Basketball

Buckeyes Open Season With Last-Second Win 67-66 Over Akron | Four Takeaways From OSU’s Victory

Ohio State (1-0) needed a last-second layup from sophomore center Zed Key to seal a 67-66 win over Akron (0-1) in the Buckeyes’ season opener in Columbus Tuesday night.

Ohio State’s final possession began out of a timeout with six seconds remaining. The inbounds pass went to true freshman Malaki Branham at the top of the key who then found a retreating Key in the paint for the game-winner. The assist was Branham’s third on the night, which tied for the team high.

The Buckeyes led 35-21 with 2:19 remaining in the first half but then Akron closed the half on a 7-1 run and then opened the second half by scoring the first eight points of the half to tie the game at 36-36 with 18:21 to play. From that point on the game was never separated by more than five points. Both teams had leads of three points in the game’s final three minutes.

Trailing 65-62 with under 10 seconds to play, Akron’s Ali Ali hit a three-pointer from the left wing and was also fouled by OSU forward EJ Liddell, which was Liddell’s fifth foul. Ali hit the free throw to give Akron the 66-65 lead before Ohio State got the ball to midcourt and called a timeout to set up the Branham-to-Key game winner.

Liddell led all players with 25 points and 11 rebounds. He was 10-of-19 from the field in 30 minutes of play. Key scored 14 on the night, shooting 7-of-11 from the field.

Branham played a surprising 24 minutes in this game, including 14 in the second half. He scored 7 points on 3-of-9 shooting but was instrumental down the stretch in creating some needed offense for the Buckeyes. Branham also grabbed six rebounds and had a block and a steal. He also led the team in +/- with a +10.

EJ Liddell Showing Complete Game

EJ Liddell returned to school in part to round out his entire game a bit more. The NBA knows he can score in the paint — and they told head coach Chris Holtmann to make sure that he doesn’t lose that ability this year, but he also wanted to show better defense, better ball handling, increased athleticism, and anything else that would put him in better favor. In just the first eight minutes of this game Liddell had a couple of strips and a blocked shot on defense. He was busy rebounding the ball and was also finding open shooters on the offensive end. Liddell was comfortable bringing the ball up the court as well. He also had a couple of dunks in the first half to showoff his athleticism. Then he opened the second half with a another blocked shot, a drive for a layup, and a score on a post move. Through it all, he never really forced the action in trying to live up to the expectations of a preseason All-Big Ten player. And yet there was still plenty to improve, like not boxing out late and having a rebound taken away from him that led to a big three-pointer for Akron and gave the Zips a 1-point lead with four minutes to play. Liddell also could have done much better from the free throw line. He’s obviously Ohio State’s best player and he still had a very good night. There will be games this season, however, where OSU may need him to be damn near perfect.

Malaki Branham’s Contributions Go Beyond Scoring

Chris Holtmann said a week or two ago that Malaki Branham has a 6-foot-11 inch reach and he showed that off on a first half finger roll against Akron. Branham showed tremendous basketball awareness in moving without the ball and attacking the basket while not possessing the basketball. He also had some very nice passes into the post that weren’t easy but they looked easy for him. That’s another sign of a guy who just has a great feel for the game. He never looked out of control and he didn’t force anything. He also led the team in the first half with a plus/minus of +13 in his 10 minutes on the court. If there’s a critique at this point it’s that he could maybe stand to be more aggressive at times, though he certainly turned it up a notch or three in the second half. Branham didn’t look like a freshman in this game and Holtmann put him in a huge situation at the end of the game knowing that a precision pass was going to need to be made.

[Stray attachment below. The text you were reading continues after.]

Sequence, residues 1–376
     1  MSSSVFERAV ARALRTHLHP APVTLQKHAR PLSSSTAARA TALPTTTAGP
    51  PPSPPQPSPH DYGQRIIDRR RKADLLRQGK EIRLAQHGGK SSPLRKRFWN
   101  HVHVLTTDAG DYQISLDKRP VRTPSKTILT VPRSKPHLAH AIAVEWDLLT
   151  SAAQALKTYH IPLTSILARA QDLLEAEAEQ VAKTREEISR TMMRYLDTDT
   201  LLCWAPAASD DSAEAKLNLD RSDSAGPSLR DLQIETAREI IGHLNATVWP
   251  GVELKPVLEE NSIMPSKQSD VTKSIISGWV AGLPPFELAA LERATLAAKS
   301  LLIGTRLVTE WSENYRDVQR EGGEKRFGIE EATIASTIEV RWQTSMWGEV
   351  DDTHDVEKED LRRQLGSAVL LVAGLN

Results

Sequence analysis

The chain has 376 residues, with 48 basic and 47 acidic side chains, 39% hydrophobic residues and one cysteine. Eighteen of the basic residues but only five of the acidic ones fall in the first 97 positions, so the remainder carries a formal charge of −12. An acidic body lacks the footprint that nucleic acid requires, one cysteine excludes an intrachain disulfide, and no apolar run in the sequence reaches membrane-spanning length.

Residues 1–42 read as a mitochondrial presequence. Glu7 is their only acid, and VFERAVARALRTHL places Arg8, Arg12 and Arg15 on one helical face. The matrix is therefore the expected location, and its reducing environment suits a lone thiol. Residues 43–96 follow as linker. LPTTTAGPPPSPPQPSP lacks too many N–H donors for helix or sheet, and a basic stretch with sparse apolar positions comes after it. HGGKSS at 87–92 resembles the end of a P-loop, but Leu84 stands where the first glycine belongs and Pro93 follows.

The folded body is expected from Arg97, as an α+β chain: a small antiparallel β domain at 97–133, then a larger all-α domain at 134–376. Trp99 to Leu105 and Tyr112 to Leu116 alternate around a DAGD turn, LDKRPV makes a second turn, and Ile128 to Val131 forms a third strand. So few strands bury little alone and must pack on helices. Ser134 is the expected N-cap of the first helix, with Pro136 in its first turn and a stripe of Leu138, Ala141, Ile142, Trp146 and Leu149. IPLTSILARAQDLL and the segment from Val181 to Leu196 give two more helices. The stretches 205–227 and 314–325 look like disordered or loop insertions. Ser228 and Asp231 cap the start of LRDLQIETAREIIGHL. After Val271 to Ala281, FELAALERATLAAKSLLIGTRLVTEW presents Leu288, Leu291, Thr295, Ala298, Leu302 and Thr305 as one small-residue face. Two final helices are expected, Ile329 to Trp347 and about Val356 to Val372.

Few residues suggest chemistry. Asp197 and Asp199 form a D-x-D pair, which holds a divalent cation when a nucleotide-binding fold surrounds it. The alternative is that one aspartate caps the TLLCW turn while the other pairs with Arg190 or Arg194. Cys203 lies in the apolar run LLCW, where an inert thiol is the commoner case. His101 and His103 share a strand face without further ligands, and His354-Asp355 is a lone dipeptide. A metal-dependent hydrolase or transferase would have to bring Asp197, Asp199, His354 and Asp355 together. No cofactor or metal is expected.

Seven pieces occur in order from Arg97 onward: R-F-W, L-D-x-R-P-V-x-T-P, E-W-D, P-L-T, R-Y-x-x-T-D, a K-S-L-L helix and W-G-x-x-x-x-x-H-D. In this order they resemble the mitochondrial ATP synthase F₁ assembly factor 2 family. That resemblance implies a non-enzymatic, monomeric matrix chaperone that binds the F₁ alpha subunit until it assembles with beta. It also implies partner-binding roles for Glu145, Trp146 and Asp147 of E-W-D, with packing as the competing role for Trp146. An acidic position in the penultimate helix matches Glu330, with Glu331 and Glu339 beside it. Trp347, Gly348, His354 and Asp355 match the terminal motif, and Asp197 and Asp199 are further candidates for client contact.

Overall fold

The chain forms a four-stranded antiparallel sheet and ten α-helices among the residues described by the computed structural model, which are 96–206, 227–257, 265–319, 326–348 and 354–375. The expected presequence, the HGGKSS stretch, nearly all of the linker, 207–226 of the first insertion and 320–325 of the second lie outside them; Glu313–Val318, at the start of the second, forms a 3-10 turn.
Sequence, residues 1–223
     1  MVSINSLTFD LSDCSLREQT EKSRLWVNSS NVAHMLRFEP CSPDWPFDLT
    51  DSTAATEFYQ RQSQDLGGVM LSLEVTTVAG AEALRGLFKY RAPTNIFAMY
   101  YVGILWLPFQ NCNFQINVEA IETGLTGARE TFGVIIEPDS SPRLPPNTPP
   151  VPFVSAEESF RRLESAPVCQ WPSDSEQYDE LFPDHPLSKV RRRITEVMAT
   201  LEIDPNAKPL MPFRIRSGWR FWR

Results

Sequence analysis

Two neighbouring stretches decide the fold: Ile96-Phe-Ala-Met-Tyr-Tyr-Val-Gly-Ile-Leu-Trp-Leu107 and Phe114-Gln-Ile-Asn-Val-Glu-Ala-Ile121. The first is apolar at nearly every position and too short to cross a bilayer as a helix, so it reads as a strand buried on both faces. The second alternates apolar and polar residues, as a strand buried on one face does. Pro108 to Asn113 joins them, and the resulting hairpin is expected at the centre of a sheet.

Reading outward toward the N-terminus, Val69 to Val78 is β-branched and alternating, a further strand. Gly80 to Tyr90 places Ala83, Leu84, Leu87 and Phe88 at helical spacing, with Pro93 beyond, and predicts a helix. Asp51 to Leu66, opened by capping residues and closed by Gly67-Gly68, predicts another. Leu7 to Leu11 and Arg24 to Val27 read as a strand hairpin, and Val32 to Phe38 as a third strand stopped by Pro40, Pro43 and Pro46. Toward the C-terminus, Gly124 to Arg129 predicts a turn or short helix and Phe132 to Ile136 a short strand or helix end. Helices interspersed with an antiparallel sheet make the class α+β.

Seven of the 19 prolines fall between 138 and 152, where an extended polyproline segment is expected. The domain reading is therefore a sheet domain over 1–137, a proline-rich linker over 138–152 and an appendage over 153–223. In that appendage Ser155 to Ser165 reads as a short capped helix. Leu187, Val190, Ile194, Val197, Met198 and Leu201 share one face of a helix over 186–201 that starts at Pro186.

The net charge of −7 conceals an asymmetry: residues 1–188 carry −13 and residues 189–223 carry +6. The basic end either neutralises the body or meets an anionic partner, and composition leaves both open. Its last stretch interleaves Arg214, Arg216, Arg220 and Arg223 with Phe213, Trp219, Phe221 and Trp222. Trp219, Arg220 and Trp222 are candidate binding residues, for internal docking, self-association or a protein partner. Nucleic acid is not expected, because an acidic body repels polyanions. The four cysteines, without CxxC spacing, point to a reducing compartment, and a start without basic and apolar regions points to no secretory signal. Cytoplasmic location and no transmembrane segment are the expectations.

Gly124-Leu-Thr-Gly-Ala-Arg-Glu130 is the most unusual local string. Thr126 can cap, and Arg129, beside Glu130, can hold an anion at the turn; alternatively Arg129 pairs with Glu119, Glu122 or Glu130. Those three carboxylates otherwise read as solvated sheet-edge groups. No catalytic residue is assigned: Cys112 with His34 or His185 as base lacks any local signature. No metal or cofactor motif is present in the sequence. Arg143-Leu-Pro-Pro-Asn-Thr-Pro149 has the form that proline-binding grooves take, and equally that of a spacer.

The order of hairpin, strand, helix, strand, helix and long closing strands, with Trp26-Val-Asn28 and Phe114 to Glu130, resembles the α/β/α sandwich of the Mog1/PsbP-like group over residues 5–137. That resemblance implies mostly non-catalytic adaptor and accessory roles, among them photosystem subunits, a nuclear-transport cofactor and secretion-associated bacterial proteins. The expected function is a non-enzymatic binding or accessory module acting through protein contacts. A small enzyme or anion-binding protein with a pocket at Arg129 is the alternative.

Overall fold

Where Is The Backcourt Scoring Going To Come From This Year?

The Ohio State starting guard trio of Jamari Wheeler, Meechie Johnson, and Justin Ahrens produced just nine total points and had just four assists. Wheeler scored two points on a pair of free throws and had just one assist. He has never been an outside shooter and never really much of a scorer. Johnson looked out of sorts for much of this game. He also went scoreless from the field, but did hit all four of his free throws. He pulled down five rebounds and picked up two steals but he had some control issues in the first half. He showed last year that he could hit shots from deep so that will eventually happen again, but how much can the Buckeyes rely on a freshman guard to score when it just may or may not happen? Certainly things will get better, but how quickly? Ahrens scored 7 points thanks to 2-of-3 shooting from 3-point territory. And while Ahrens’ shooting will always come in handy, it generally has to come from somebody setting him up. Can Branham supplement these numbers? If this game was any indication, he’s gonna have to.

It Will Take Justice Sueing Some Time

Forward Justice Sueing missed the exhibition game last week with a lower leg injury. It’s something that has been bothering him for a while now and Chris Holtmann has warned people not to expect Sueing to be at his best early on. That was definitely the case Tuesday night as Sueing tried to play through the rust. He played 15 minutes and scored two points. He was 1-of-7 from the field and 0-2 from three-point range. He wasn’t particularly close from the field but that should improve throughout this month as he gets his legs and shooting stroke back under him.

The Box Score

EJ Liddell header photo courtesy of the Ohio State Dept. of Athletics